Maybe there is a problem with the way the Arab and Muslims’ worlds have lost philosophy, sophisticated knowledge-making, self-criticism and satire today; it neither knows how to defend Islam, which is not in need of defence as it possesses within its Godly paradigm the means of self-regeneration, nor respond to irreverent provocations calmly and through sophisticated art, prose, journalism and philosophical disputations.
No defence needed
Islam remains the fastest growing religion, and every time the Prophet is denigrated more curious human beings acquire copies of the Quran to read and some even convert to Islam. Neither the anti-Islam cartoons nor the recent video fail to injure the Prophet. Maybe they injure Muslim pride downsized by its inability to invent the sophistication needed to defend its values and beliefs. As for the injurious productions intermittently coming from various parts of the Western world, its offence and ugliness do not describe the target at the receiving end, including the persona of Prophet Muhammad; they describe ugliness inside the heads of individuals who are their progenitors.
Keen-jerk reactions as happened more than 20 years ago with Salman Rushdie’s Satanic Verses and today with the work of inconspicuous individuals – whilst fully understandable – do not behove self-appointed representatives of Islam to misrepresent a faith that does not ordain killing, destruction or retaliation. Plus, there are mightier ways of defending Islam, and the “sword” should not be one of them. The Prophet’s stature does not diminish with disparaging cartoons or films. In fact, they tend to do the opposite: Reinforce Muslim attachment to God’s messenger.
Low and cheap cultural products should be neither barometer for measuring the greatness of the Prophet of Islam nor should they affect the moods of a billion strong global community of which small pockets seem to know only how to cry wolf, and even smaller groups seem to find in killing, burning or wreaking havoc the only response to undignified desecration of Islamic symbols, recurrent sacrilege, and irreverent expression of speech, taken to be sacred in the West even when offensive.
Silencing is not the way of Islam: Muslims live in a world of theistic and non-theistic outlooks, fashion design, nudity, obscenity, perversity, material cultures, hubris, ethnocentrism and Islamophobia. Evolution, Michael Angelo, Mozart, Newton, the Mona Lisa, Venus, agnostic culture, non-theism, alcoholism, cartoons, satire, gay marriages cannot be erased. They form part and parcel of the cultural package that goes with the territory of Westernism. Muslims benefit from some of the brilliance produced by the Western world ranging from medicine to airplanes.
Maybe the failing of Muslims lies not in what others do or do not. Rather, it may lie in what Muslims should do and still cannot do: Free speech, world-class cinema, uncensored expression, and sophisticated centres of learning. There has been a debate in Saudi Arabia about the recent blasphemy to the Prophet, and one suggested solution was to make a film on the Prophet: Many realised that there was no film industry in the first place. Those in charge of defining religious dogmas banned filmmaking!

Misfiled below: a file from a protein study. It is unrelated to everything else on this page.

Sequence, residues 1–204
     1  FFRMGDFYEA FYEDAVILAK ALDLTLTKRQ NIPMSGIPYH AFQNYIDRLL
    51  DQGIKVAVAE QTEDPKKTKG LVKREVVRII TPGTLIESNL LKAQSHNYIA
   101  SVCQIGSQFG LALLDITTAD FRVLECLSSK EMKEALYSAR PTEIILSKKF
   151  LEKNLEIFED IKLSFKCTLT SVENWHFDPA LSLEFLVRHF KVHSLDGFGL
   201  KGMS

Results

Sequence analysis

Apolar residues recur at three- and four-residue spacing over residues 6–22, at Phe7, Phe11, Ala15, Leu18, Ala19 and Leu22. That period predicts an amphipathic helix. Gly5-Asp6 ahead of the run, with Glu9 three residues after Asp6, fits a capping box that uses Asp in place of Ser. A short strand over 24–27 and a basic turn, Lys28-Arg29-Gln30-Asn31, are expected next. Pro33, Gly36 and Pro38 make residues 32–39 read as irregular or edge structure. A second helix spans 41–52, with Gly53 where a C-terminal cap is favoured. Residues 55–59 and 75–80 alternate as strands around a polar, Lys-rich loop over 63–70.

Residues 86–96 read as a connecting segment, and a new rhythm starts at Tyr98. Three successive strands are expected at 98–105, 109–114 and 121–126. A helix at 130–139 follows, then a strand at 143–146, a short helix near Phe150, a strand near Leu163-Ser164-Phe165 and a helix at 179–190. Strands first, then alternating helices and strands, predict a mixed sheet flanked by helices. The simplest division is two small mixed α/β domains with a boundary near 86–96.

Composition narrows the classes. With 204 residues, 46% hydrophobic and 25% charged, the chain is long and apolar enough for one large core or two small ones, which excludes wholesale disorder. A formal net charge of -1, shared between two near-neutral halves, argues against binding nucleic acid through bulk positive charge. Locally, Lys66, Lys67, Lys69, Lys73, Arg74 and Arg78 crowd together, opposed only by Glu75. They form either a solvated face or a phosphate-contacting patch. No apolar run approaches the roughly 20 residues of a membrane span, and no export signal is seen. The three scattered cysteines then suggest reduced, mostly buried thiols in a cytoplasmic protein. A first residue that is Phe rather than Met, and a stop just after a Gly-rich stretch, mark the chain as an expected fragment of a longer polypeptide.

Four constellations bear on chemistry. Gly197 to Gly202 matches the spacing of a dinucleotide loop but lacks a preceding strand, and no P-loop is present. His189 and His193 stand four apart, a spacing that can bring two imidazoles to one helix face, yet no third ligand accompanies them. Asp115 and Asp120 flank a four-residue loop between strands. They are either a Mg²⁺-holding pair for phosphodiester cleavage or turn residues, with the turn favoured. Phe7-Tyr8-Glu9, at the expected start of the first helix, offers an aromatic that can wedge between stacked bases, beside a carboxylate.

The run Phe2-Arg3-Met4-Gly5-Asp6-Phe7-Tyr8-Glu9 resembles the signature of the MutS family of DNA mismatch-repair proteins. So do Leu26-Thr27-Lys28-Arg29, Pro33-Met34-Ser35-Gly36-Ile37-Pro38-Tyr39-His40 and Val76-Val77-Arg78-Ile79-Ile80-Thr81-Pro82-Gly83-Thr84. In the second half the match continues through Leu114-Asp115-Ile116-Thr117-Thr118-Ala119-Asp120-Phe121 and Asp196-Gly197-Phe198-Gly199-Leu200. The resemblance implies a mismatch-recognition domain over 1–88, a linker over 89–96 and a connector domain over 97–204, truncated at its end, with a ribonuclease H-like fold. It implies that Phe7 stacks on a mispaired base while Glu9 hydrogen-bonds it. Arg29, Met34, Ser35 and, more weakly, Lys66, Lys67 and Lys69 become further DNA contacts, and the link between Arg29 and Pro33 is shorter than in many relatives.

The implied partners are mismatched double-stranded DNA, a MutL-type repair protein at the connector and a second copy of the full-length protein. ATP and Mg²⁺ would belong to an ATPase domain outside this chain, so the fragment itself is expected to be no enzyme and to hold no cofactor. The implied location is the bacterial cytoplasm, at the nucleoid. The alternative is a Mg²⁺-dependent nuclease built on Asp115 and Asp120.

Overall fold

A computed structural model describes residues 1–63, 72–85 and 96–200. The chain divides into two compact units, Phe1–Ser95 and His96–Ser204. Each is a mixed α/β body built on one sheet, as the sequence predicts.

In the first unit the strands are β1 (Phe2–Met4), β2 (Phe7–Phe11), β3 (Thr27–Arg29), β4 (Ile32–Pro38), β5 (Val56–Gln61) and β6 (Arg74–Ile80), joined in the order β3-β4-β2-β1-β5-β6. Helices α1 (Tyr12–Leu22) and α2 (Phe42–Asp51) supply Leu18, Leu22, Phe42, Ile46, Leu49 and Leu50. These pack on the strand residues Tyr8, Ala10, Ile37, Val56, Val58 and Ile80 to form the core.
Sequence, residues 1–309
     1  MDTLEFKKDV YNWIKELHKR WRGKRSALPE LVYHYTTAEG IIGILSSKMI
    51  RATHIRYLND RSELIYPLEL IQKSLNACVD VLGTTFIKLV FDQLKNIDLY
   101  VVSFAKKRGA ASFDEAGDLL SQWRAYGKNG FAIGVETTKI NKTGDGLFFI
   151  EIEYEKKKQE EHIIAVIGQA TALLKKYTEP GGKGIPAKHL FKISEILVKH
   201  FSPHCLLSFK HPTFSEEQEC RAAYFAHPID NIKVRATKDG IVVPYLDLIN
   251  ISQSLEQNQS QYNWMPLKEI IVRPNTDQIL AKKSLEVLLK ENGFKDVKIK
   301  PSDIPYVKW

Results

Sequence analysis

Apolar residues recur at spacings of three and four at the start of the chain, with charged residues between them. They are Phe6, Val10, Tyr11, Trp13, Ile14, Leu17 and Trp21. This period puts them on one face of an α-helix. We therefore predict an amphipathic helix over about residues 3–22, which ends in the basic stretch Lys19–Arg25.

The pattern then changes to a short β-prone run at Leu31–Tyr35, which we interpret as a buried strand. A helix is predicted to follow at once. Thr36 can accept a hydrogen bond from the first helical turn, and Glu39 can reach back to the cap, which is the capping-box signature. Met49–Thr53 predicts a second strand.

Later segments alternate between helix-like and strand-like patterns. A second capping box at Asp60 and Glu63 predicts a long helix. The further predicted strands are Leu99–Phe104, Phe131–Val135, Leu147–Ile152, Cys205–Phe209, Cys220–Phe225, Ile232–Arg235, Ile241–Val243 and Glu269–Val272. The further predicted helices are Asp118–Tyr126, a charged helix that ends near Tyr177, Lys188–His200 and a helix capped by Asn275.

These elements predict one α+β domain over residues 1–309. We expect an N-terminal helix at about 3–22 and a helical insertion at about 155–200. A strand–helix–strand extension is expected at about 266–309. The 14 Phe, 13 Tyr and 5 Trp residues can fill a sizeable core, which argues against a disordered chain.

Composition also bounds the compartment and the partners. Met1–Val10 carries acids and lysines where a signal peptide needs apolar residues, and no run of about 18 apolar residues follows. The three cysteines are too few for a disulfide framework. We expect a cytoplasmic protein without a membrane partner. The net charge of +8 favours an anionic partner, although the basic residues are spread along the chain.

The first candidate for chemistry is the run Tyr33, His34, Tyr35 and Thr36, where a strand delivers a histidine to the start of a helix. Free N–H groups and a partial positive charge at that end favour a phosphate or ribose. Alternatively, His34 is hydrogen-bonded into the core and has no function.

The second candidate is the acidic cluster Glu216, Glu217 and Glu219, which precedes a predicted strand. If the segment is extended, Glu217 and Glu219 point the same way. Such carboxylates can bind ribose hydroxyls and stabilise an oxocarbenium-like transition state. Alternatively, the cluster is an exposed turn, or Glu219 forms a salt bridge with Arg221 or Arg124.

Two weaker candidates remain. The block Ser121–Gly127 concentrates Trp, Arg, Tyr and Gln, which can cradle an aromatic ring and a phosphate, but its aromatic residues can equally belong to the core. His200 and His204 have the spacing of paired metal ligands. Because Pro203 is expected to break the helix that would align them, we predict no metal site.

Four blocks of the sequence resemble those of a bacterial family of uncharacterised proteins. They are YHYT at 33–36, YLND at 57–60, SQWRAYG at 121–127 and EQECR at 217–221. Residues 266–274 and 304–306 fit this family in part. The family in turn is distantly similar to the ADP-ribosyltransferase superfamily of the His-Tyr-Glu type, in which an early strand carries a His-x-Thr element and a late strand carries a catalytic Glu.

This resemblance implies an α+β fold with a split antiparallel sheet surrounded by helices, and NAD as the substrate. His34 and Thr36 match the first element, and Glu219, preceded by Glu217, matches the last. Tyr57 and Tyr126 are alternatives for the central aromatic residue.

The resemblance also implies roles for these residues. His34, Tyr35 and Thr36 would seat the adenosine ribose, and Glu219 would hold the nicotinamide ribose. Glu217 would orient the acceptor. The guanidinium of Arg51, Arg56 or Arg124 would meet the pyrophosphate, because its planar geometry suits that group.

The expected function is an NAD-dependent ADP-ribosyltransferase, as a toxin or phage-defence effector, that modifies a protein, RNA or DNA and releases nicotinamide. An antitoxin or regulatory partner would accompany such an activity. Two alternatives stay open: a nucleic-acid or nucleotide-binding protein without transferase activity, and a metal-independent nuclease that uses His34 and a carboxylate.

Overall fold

Thus Muslims might take to new heights the Prophetic ethos of engaging the non-Muslim “other” through dialogue and good will, and seeking learning. It has been nearly six centuries since Muslims ceased to contribute to science and human knowledge. Their forebears knew how to innovate, expand, defend, compete and be taken seriously. Through cross-fertilisation and exchange with other civilisations, they produced brilliance in algebra, algorithms and alkalis without which modern science would today be limited. There is no eloquence greater than that of brilliance as a medium of self-defence and defence of Islam.
|US buys ads in Pakistan to counter anti-Islam video|
The Prophet is above the mediocrity of a cartoon or a film. He is eternally grand and wholesome. The films and the cartoons speak to the weak part of some Muslims and Muslim groups who do not possess much in the way of stopping or handling intelligently cases of irreverent vilification or defending themselves.
Western double standards
Maybe not everywhere in the Western world, but nonetheless juggling of moral double standards reveals incoherence.
This is what I meant by reference to Muslim ineptitude to defend their faith and their revered Prophet, Holy Book and traditions. Note how racism, sexism and anti-Semitism are too sacralised to be tolerated as items or matters of free expression, itself a sacrosanct article of faith in Western societies. They are rightly offences which carry legal consequences for those guilty of them.
What if, hypothetically, the ban on injurious treatment, expression and attitude against Semitic people, often narrowly understood as against Jews, is extended to include irreverence against Islam!? What would it take for this to be routinised as universal political incorrectness!?
By and large, there is no ban in the West on free expression that may blaspheme Jesus Christ. Mel Gibson, Madonna and Lady Gaga are amongst the icons who have in the past been accused, through their respective art, to have produced anti-Christ-irreverence. In the West, too, people get offended and they protest when Jesus Christ is ridiculed and treated with irreverence.
However, what is it that has enabled Jews to invent a device as powerful as anti-Semitism to ban injury against their dignity and identity that we Muslims have yet to grasp? There are hundreds of journalists and editors who would exercise self-censorship and refrain from publishing injurious material against Jewishness and Jews.
There is a puzzle and a challenge for Muslims to ponder so that, given their collective numerical size and wealth, they may work to put in place a similar device to stop injury to the Prophet. Laws that protect humanity against injurious attitude and ridicule are adopted everywhere such as minimisation of the Holocaust.
Dr Larbi Sadiki is a Senior Lecturer in Middle East Politics at the University of Exeter, and author of Arab Democratization: Elections without Democracy (Oxford University Press, 2009) and The Search for Arab Democracy: Discourses and Counter-Discourses (Columbia University Press, 2004).